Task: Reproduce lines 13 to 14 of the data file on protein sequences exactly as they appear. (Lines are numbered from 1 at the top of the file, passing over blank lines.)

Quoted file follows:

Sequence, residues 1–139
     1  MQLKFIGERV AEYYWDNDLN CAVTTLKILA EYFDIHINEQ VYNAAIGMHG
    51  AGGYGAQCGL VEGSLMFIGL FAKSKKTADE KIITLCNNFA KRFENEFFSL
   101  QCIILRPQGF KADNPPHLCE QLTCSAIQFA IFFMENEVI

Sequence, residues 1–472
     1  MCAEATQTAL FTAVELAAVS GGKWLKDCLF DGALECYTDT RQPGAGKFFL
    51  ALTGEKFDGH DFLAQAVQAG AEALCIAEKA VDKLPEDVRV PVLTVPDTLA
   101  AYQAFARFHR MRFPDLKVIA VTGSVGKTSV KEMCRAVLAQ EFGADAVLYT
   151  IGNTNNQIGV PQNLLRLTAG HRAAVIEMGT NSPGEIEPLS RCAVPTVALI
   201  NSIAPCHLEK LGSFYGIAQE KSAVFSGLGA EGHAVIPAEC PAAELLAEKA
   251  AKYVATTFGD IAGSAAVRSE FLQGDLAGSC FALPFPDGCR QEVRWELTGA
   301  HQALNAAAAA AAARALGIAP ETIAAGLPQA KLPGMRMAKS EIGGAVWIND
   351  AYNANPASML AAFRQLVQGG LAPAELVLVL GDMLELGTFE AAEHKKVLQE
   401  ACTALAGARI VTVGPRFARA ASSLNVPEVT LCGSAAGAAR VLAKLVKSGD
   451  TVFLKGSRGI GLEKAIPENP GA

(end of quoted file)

   351  AYNANPASML AAFRQLVQGG LAPAELVLVL GDMLELGTFE AAEHKKVLQE
   401  ACTALAGARI VTVGPRFARA ASSLNVPEVT LCGSAAGAAR VLAKLVKSGD